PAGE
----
Jet Li may be better known for his role in Tsui Hark’s Once Upon a Time in China, but his humorous interpretation of another Shaolin legend, Fong Sai Yuk, brings out the best in him. Added into the mix is a superb performance by Josephine Siao, playing his modern and adorable mother, who is even prepared to cross-dress as a male kungfu master. Jeff Lau’s wizardry and amusing screenplay perfectly complement the powerful action sequences by director Corey Yuen. The result is a riotous profusion of images and visual spectacles, self-deprecating satirical humour complementing the serious, hard-hitting storyline, creating a level of intensity rarely seen in Hong Kong cinema. Flashes of pathos, moments of intense grief and joy, blood and laughter co-exist throughout – features that can be traced back to the early works of Yuen and Sammo Hung. –Rotterdam
Corey Yuen (Chinese: 元奎; pinyin: Yuán Kuí; Yale: Yuen4 Fui1; born Ying Gang-ming 15 February 1951; also credited as Corey Yuen Kwai and Yuen Kwai) is a Hong Kong action director, film director, producer and action choreographer. He was a member of the Peking Opera Schools and one of the Seven Little Fortunes. Yuen is perhaps best known as Rubber Legs’ student in 1979 kung fu comedy film Dance of the Drunk Mantis.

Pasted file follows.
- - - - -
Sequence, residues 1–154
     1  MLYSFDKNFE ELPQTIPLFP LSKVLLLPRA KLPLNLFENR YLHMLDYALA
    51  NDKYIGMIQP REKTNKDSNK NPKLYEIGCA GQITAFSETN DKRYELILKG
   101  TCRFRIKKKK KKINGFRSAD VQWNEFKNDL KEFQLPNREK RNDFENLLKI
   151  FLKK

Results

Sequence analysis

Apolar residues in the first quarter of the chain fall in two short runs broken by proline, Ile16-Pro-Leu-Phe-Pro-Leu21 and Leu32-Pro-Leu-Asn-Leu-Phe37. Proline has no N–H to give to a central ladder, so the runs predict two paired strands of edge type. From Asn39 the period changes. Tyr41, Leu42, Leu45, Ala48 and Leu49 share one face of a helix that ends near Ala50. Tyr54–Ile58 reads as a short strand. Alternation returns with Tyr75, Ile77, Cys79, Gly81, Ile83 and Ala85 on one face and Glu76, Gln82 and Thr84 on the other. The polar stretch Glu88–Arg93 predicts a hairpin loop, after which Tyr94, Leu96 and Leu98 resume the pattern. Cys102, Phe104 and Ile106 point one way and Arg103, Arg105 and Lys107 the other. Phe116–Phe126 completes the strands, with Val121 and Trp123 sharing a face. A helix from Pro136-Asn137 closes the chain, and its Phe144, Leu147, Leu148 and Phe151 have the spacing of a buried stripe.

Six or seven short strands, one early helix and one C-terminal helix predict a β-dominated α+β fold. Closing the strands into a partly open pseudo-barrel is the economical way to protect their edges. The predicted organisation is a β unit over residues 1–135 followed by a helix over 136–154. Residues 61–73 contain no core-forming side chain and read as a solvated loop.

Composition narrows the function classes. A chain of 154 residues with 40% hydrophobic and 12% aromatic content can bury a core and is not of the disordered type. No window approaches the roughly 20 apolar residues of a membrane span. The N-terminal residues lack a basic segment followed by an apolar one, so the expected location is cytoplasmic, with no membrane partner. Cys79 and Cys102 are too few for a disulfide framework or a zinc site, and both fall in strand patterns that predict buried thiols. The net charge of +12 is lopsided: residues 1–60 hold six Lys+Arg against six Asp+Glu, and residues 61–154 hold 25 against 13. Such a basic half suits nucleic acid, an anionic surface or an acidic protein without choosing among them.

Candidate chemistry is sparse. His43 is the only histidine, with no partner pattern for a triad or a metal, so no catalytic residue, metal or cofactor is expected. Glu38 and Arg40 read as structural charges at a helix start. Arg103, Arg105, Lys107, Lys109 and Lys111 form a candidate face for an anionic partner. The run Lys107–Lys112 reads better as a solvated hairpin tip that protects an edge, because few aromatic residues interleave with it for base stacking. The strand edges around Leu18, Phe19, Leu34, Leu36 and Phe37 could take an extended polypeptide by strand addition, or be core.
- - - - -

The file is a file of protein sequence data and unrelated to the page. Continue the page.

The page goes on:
Yuen was born in Hong Kong and was one of Jackie Chan, Sammo Hung and Yuen Biao’s best friends during their days in the China Drama Academy Peking Opera School. They spent those days training in a harshly disciplined style under the watch of Master Yu Jim-yuen. He would go to appear as an extra in Hong Kong action films during the “chop socky” era of the 1970s.
In 1970s, Yuen had three Hwang Jang Lee films: Secret Rivals 2 (1977) as Silver Fox’s henchman; The Invincible Armour (1977) as Assassin; and film Dance of the Drunk Mantis… read more